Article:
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Home News in Nigeria Now Petrol Price May Hit N190 ( Full Details)

Petrol Price May Hit N190 ( Full Details)

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Petrol Price May Hit N190 ( Full Details)

May Hit N190  

Amid concerns about the non-implementation of full deregulation of the downstream petroleum sector, there are speculations of the hitting N190.

Top officials from two major marketing associations who spoke to Punch said the continued rise in oil prices had brought back subsidies for petrol, as the price of pumps for petrol should be between N185 and N200 per litre to reflect the further rise in crude oil prices.

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Mr Clement Isong, Executive Secretary/Chief Executive Officer of Nigeria’s Major Oil Marketers Association, who failed in many filling stations in Lagos to continually sell fuel at N160 and N165 per litre, said it meant that someone was bearing the cost of subsidies that the country could not afford at this time.

Said Isong;

My association members are active in Nigeria and are concerned with the long-term sustainability of the industry as well as the country itself.

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Petrol Price May Hit N190  

So, we know that the pump price should be between N185 and N200 per litre, depending on what exchange rate you use.

“As long as we continue to sell the product at what we are currently selling, someone is bearing the cost of the subsidy, and at this moment, the country is really unable to afford the subsidy.”

Isong added that while demand for petrol had increased significantly in the country, there was a threat to the security of supply. He also noted that because of the significantly different prices across the borders that were recently opened, smuggling might have resumed.

He added,

“We need to restructure our entire supply chain completely, then. We need to reach a place where, in Nigeria, refining will resume if deregulation takes effect. We need to find a way of making sure that deregulation benefits Nigerians. That, I think, is what the discussion has to be about.

Although, despite the deregulation of the downstream petroleum sector, the Nigerian National Petroleum Corporation has been the sole importer of petrol into the country in recent years and is still relying on marketers for the supply of the product, private oil marketing companies have continued to regret that their inability to access foreign exchange at the official rates has hampered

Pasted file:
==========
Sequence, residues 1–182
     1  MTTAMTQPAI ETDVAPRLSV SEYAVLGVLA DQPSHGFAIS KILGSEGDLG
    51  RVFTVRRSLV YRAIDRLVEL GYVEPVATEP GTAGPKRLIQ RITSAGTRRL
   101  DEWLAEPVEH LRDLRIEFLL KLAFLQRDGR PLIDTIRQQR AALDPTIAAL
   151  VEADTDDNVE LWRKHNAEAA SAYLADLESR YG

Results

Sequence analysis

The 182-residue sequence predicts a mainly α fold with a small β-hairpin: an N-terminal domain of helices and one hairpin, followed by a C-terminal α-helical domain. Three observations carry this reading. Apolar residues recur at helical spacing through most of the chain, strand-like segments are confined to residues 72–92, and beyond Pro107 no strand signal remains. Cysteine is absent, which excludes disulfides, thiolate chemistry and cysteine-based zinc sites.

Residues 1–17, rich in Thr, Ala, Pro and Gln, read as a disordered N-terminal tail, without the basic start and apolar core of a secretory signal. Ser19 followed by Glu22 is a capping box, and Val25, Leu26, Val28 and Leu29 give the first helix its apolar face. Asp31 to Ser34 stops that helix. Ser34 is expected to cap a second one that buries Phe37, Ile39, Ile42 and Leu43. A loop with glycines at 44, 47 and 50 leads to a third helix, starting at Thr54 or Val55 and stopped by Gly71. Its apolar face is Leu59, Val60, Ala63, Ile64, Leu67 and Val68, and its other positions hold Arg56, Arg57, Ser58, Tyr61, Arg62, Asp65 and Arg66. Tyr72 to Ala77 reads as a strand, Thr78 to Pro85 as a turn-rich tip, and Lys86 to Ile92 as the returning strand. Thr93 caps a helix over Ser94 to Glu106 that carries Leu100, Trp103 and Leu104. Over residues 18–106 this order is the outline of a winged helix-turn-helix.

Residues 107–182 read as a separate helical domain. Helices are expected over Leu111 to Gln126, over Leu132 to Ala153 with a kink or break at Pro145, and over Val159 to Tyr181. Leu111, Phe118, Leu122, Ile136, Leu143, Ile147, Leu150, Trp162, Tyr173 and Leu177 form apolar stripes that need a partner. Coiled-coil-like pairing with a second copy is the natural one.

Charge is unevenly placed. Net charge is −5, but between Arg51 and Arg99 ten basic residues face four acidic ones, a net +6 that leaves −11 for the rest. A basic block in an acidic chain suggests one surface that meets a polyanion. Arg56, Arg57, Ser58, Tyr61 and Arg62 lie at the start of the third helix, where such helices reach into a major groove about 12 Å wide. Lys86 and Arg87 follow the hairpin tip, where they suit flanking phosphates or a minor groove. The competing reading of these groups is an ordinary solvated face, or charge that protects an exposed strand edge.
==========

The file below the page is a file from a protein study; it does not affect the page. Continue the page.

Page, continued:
Petrol Price May Hit N190  
Mr. Mike Osatuyi, National Operation Controller, Independent Petroleum Marketers Association of Nigeria, who responded to the recent announcement by the federal government of the start of discussions with representatives of the labour movement on how to raise the freight rate from N7.51 per litre to N9.11 per litre, said that its implementation would lead to an increase in petrol prices as the increase in freight prices

Said Osatuyi;

We are already back to subsidies, and the Federal Government is subsidising about N1.8 billion per day from the information I have confirmed, because 70 million litres are now being pumped out every day because the borders have been opened; I don’t know where the fuel is going.

The government cannot afford a subsidy, and the budget does not have a subsidy. So, now the fundamentals of the market have to come into force.

“Our pump price should be about N186 to N190, based on $56 per barrel of crude oil. But now that the price of oil has gone to $59, the price of the pump should not be less than N200 per litre. There is no way Nigerians can avoid an increase in the price of petrol.

While there are concerns about whether the NNPC would again bear on behalf of the government the latest subsidy cost if the pump price of petrol is left unchanged in the face of the rise in oil prices, Dr. Kennie Obateru, Group General Manager, Group Public Affairs Division of the Corporation, said whatever would be done about the price of petrol pumps would be based on the advice from the Petroleum Products Pricing Reg

Said Obateru;

The point is that, for now, NNPC is the only one to import the product (petrol). We look forward to other marketers participating in the product importation, so that the burden will not just be on NNPC.

When asked if the NNPC had begun bearing the cost of subsidies, he said;

“I think it would be premature to say that it has to be based on the pricing of whatever PPPRA works out. The industry is already deregulated.”

He further averred that the government’s desire was to have a market that was fully deregulated.

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